Memory safety bugs are inevitable in software written in low-level programming languages. A recent report suggests that roughly 70% of all security bugs found in Chrome are memory safety bugs and about 70% of all security updates for Microsoft products addresses memory safety bugs. The number aligns with my observation for the Linux kernel; my analysis indicates that about 67% of all fixed bugs tracked by Syzbot are memory safety bugs.

Memory safety bugs provide attackers the ability to corrupt memory, which results in the potentiality of exploitation. Researchers from academia and industry have been fighting against memory safety bugs for years. Given the nature that programs written in low-level programming languages inevitably introduce memory safety issues, many approaches have been proposed to mitigate the exploitation of memory safety bugs. Such proposals have also been made for the Linux kernel.

The Linux kernel is a fast-moving project with plenty of options to enable various hardening aspects. Many of which have demonstrated their effectiveness against exploitation. For example, Kernel Adress Space Layout Randomization (KASLR) randomizes the kernel address space at boot time, exploitation that wants to achieve control flow hijacking has to leak the kernel slide. As a result, most of the time attackers have to find another vulnerability which is able to leak kernel information to bypass KASLR. HARDENED_USERCOPY, which checks the memory copy using copy_from/to_user to avoid invalid memory copies that overflow the heap object or stack buffers, has been enabled by default in Debian and Ubuntu. Although there is no obvious evidence that this mitigation defends well against memory overflow bugs, it to some extent eliminates the potential overflow or overreading using the user copy channels. SLAB_FREELIST_HARDENED obfuscates the freelist pointers for slab, making it hard for attackers to hijack the allocation. Although the security guarantee of freelist hardening provided in the upstream kernel was weaker for some time, exploitation that wants to overwrite freelist pointers requires some knowledge about the runtime information (e.g., the heap address or the obfuscation value). SLAB_FREELIST_RANDOM randomizes the freelist order for new slab pages to mitigate heap overflows by reducing the predictability of the slab, with the result being that attackers cannot guarantee that two allocations on heap will be adjacent, hence reducing the stability of exploiting heap overflow bugs. Both of these freelist hardening options are enabled by default in many Linux distros (Debian, Ubuntu, Fedora, etc). In addition to software hardenings that mitigate exploitation, hardware features are also used to harden the Linux kernel. SMAP and SMEP are two well-known hardware features on the x64 platform. SMAP prevents kernel from accessing userspace data while SMEP hinders the attackers from executing userspace code in kernel mode. With these two hardware features, attackers have to put their payload in kernel space.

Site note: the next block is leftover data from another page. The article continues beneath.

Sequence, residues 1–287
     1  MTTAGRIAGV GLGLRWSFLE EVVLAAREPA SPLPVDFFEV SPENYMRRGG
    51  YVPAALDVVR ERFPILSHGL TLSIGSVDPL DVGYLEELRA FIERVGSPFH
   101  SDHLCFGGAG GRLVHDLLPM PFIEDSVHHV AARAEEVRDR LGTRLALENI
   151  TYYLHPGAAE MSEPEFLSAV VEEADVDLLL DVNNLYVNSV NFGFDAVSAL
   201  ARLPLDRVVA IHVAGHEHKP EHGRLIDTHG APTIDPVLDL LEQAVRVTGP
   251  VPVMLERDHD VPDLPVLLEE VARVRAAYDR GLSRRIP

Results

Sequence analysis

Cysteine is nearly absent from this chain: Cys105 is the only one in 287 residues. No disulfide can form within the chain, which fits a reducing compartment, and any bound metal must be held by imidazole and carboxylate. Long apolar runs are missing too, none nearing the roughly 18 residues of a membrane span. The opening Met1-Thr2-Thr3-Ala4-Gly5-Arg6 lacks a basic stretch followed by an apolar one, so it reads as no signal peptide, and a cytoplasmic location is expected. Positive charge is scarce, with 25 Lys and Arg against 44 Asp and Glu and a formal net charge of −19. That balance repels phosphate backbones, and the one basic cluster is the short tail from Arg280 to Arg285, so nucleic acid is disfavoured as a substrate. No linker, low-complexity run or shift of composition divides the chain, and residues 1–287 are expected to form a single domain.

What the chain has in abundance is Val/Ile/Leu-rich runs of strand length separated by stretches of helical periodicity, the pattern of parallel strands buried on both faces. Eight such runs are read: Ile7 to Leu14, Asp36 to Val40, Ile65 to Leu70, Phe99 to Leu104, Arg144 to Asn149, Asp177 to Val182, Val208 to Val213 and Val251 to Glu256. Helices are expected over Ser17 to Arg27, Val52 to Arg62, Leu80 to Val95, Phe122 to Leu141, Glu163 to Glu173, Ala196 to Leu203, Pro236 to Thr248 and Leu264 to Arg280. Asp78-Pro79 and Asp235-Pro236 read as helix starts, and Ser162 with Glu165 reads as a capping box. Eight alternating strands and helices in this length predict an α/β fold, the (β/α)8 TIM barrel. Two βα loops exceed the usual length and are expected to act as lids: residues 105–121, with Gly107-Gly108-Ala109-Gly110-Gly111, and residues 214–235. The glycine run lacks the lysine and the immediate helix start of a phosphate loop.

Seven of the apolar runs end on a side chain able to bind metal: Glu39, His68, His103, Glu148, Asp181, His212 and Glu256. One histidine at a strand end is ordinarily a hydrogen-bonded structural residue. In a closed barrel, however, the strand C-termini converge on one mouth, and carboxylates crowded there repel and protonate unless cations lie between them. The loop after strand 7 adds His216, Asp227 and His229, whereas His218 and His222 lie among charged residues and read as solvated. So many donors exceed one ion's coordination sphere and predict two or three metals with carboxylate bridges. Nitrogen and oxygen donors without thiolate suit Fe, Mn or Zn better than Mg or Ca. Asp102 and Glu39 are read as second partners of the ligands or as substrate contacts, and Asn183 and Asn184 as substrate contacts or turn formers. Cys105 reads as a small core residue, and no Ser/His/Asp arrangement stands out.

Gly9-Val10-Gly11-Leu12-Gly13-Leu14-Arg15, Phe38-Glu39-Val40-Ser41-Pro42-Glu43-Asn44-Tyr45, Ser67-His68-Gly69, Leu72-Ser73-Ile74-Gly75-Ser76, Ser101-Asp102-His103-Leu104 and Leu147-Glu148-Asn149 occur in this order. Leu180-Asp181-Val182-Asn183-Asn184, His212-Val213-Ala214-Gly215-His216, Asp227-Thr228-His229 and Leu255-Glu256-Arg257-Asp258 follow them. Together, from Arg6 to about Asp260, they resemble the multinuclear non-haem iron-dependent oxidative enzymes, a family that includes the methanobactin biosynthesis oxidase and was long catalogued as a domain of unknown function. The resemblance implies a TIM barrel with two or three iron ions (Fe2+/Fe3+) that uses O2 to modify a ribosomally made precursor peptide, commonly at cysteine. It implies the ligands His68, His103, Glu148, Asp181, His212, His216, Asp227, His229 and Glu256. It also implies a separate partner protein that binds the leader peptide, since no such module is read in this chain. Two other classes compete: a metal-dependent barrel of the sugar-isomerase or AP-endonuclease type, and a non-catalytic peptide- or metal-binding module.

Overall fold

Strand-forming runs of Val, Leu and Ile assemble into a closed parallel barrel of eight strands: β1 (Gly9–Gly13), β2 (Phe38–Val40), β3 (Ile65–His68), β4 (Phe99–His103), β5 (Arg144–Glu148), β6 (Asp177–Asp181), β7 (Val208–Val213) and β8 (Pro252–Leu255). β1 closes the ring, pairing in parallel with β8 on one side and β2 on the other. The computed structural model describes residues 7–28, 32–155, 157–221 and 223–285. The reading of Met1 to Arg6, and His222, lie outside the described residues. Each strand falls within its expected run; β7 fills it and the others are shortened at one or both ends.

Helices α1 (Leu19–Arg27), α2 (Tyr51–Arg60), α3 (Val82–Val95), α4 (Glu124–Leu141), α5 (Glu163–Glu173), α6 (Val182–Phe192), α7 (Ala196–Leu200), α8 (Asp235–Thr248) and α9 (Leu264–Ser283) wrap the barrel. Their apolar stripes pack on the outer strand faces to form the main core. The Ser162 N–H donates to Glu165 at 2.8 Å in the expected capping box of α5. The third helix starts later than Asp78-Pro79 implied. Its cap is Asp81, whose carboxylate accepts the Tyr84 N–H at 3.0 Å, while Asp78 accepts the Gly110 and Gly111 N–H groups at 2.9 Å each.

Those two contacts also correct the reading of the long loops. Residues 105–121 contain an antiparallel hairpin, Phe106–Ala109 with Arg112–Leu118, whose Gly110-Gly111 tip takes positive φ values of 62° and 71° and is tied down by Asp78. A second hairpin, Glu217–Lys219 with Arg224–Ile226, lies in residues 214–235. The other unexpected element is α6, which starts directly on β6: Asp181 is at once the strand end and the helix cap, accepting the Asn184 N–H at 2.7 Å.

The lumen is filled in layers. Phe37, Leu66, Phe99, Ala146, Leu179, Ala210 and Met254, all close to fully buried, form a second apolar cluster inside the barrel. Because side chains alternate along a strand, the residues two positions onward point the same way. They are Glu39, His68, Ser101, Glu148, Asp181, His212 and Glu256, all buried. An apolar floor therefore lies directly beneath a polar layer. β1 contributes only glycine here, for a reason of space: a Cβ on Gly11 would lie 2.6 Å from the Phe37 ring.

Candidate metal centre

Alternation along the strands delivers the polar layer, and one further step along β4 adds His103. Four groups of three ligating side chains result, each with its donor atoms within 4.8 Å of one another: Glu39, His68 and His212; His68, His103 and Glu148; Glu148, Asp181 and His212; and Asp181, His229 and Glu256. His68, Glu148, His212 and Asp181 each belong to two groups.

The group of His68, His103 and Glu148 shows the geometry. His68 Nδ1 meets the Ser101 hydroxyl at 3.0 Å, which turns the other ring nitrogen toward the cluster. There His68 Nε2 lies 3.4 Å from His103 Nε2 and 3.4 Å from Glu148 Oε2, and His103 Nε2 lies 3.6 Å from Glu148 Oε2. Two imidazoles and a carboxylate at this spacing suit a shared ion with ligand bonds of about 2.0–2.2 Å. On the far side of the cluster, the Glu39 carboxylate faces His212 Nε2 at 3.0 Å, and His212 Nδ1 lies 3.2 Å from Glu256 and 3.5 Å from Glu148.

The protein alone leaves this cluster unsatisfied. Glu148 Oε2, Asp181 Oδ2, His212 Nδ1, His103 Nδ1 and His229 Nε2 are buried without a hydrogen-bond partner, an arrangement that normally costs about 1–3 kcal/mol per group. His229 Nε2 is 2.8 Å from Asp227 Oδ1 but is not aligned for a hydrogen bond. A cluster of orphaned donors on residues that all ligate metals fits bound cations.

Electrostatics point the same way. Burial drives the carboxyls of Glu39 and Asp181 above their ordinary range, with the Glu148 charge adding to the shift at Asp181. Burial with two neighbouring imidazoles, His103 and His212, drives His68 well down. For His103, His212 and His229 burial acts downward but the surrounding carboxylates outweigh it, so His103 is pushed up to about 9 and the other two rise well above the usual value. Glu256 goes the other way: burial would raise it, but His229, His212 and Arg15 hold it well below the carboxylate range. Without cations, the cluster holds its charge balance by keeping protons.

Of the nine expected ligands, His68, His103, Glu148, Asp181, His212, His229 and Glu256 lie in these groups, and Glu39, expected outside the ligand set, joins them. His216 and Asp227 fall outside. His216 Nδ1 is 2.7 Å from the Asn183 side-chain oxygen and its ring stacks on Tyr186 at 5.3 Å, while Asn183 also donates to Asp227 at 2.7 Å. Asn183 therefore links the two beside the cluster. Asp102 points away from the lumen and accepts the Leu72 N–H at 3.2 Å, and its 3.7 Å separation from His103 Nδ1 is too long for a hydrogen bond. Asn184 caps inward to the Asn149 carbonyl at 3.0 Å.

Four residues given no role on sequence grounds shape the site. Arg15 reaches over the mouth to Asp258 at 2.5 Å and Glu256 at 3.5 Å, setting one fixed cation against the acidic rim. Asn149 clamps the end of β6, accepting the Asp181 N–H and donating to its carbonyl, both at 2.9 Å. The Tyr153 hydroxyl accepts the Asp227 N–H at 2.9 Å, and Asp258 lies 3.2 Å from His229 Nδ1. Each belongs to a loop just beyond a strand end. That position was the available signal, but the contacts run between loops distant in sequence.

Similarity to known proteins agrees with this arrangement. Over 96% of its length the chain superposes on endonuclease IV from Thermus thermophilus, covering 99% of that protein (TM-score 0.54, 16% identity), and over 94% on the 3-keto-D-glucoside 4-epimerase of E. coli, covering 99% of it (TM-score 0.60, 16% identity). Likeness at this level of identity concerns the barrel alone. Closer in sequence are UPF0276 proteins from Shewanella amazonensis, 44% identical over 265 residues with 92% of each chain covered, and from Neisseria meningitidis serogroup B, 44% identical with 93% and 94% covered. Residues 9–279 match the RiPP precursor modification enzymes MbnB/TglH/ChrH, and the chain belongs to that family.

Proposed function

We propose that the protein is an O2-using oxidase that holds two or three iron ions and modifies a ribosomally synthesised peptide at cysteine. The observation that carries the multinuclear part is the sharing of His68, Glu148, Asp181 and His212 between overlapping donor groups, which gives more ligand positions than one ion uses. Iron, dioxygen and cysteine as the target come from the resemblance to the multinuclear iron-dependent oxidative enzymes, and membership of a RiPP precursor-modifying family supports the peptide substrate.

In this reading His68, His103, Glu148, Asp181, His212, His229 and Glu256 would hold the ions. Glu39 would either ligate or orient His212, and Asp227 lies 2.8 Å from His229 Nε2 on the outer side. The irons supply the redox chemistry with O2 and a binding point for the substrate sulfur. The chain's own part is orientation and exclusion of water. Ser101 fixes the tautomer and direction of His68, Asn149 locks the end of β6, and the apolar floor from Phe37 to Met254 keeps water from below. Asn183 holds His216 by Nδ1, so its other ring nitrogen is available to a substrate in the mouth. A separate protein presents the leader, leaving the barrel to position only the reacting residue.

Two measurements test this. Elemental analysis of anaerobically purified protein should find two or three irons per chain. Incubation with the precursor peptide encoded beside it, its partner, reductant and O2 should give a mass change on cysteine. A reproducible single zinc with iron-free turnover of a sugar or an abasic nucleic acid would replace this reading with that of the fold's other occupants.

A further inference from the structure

However, even with the presence of various exploitation mitigations in the Linux kernel, a memory corruption with 2 zero-bytes overflow on the heap is already powerful enough to perform exploitation that bypasses all the mitigations. This implies two messages to the community: 1. Exploitation of memory safety bugs is hard to mitigate. The exploitation techniques have been advanced a lot, and the defense side needs to evolve as well to match the advance of attack. 2. There is some missing hardening in the Linux kernel, which enables attackers to increase their memory-overwriting ability easily. (e.g., from 2 zero-bytes overwriting to code execution).

In Andy Nguyen’s exploitation of the above-mentioned 2 zero-bytes overflow, he leveraged the ability of the overflow to overwrite the lower bytes of a data pointer. As the pointer is corrupted, it references an object abnormally. The object is freed when invoking the free to the data pointer, leaving a use-after-free on that object. The use-after-free then be used to achieve leaking kernel information, and eventually a successful exploitation with all the mitigations bypassed.

There are several key factors helping increase the memory corruption ability from the limited overflow to a successful exploitation. First, the attacker can place any victim object right after the vulnerable object as long as they share the same cache. As such, attackers corrupt pointers in the victim object and transform the overflow to a use-after-free primitive after adding an abnormal reference to an object. Second, the use-after-free on a particular type of object can also be transformed to another type of object if they share the same cache. The exploitation transforms the use-after-free obtained from overflow to another object with properties that allow attackers to read and write on that object, leading to a kernel leak and control flow hijacking.

In general, memory layout manipulation is one of the most important steps in exploitation of the Linux kernel. It helps the attacker achieve the desired memory layout and enables overwriting the victim object given an overflow vulnerability. Other than that, they could reclaim the vulnerable object with another type of object when exploiting use-after-free vulnerabilities. With the desired memory layout in kernel, the attacker can overwrite critical data filled of victim objects to increase the ability of memory corruption.